Around thirty years after Arlis witnessed his father murdering a family, he runs into Kay, who happens to be the family's baby, who was spared. Kay and Arlis suspect nothing about each ... See full summary »
A college professor's day: his top student allegedly commits suicide, his wife presents him with divorce papers and he overnights in a freshman girl's dorm. The next day: more murders around him. Will he find the killer in time?
This gritty drama follows two high school acquaintances, Hancock, a basketball star, and Danny, a geek turned drifter, after they graduate. The first film commissioned by the Sundance Film ... See full summary »
A couple fall in love despite the girl's pessimistic outlook. As they struggle to come to terms with their relationship, something supernatural happens that tests it.Written by
Ed Sutton <firstname.lastname@example.org>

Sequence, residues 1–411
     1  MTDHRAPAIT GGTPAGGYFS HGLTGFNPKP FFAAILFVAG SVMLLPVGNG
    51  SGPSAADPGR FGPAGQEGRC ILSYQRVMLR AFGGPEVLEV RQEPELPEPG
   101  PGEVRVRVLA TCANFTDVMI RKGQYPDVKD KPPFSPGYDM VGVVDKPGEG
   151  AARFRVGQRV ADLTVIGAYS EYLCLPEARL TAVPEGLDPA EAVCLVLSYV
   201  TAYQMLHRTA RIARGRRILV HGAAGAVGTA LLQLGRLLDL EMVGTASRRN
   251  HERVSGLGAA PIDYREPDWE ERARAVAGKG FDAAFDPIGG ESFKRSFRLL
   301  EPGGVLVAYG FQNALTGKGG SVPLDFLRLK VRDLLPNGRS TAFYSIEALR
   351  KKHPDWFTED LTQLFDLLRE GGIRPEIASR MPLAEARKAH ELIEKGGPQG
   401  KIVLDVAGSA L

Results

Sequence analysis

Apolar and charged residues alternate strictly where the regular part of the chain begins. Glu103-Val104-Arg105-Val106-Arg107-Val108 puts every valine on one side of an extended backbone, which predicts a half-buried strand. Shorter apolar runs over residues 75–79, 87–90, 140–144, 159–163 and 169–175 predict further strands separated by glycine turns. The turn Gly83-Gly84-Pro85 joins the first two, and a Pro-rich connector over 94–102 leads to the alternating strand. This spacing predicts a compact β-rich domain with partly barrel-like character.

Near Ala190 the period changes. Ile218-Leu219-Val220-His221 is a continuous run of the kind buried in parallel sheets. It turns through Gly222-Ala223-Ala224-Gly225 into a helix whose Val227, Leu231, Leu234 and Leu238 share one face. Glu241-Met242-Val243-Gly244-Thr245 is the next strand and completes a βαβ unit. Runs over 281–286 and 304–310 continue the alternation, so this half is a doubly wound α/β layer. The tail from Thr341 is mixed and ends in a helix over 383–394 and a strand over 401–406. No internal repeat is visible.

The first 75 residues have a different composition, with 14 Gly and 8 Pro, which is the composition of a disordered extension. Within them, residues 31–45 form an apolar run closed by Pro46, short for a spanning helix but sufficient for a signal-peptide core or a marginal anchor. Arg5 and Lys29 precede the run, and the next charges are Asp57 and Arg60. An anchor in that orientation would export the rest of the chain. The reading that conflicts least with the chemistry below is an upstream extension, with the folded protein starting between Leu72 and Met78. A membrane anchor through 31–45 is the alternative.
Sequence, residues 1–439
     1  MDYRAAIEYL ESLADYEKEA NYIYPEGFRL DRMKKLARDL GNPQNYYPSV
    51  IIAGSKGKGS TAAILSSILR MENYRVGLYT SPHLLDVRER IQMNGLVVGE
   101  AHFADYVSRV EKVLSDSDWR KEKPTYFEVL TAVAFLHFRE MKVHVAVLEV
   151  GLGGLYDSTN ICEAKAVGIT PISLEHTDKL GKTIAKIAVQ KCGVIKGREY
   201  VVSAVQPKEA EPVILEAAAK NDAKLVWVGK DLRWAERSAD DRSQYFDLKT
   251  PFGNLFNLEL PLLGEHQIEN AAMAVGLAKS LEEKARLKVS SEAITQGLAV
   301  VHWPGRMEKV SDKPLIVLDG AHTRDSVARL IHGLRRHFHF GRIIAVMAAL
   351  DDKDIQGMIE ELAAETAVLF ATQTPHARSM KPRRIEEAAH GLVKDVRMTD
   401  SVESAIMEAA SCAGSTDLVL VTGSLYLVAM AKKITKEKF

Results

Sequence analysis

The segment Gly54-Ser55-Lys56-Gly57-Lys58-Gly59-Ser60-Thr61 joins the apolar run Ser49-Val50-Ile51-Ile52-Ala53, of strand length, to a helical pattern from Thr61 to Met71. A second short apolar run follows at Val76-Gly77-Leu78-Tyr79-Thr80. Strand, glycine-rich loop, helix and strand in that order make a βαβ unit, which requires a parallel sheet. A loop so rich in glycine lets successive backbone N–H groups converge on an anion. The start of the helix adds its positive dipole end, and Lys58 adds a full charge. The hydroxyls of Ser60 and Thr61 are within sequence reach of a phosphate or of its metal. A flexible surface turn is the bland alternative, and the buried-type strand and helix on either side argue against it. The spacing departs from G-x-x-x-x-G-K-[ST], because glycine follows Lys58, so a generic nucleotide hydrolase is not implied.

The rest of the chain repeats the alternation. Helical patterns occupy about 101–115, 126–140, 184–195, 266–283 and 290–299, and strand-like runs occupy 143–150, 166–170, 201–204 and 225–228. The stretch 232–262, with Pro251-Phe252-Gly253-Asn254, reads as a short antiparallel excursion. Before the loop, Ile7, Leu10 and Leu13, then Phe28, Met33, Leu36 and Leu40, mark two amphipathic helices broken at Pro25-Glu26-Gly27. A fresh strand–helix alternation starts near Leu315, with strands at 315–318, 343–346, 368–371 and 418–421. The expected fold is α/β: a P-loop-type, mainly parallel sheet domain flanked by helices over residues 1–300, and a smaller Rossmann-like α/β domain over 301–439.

If you watch this movie expecting a romantic comedy like You've Got Mail--which I thought was garbage, by the way, but then conventional love stories make me go "yeah, right,"--or compare it to other apparently similar movies where people switch bodies, you are going to be disappointed--unless you can open your mind and see that this is not a comedy at all, though written with light touch. The key to the movie is in the advice the heroine's mom gives the hero when he talks to her on the phone. The movie is about the nature of love, and whether it means more than just being attached to an attractive exterior. The "magical" aspect is just a way of confronting this question in a new and powerful way. Also, notice that almost the first conversation the two lovers have is about a book, The White Hotel, which is a depiction of life where the word tragic is maybe an understatement. Like many movies made from plays, the writing is crisp and to the point. Meg Ryan is fine, but Alec Baldwin is riveting when his world falls apart. He is a walking picture of grief, unable even to be civil to the bartender who is a friend. There is a great soundtrack, from the Cowboy Junkies and Lou Reed to Annie Lennox. There is one sublime moment, when the hero rises above all convention and expresses his love, leaving behind all rational, normal ideas of what is okay to do. Well, needless to say I love this movie. But hey, it is not everybody's cup of tea. Especially if you are too dumb and superficial to "get" it.
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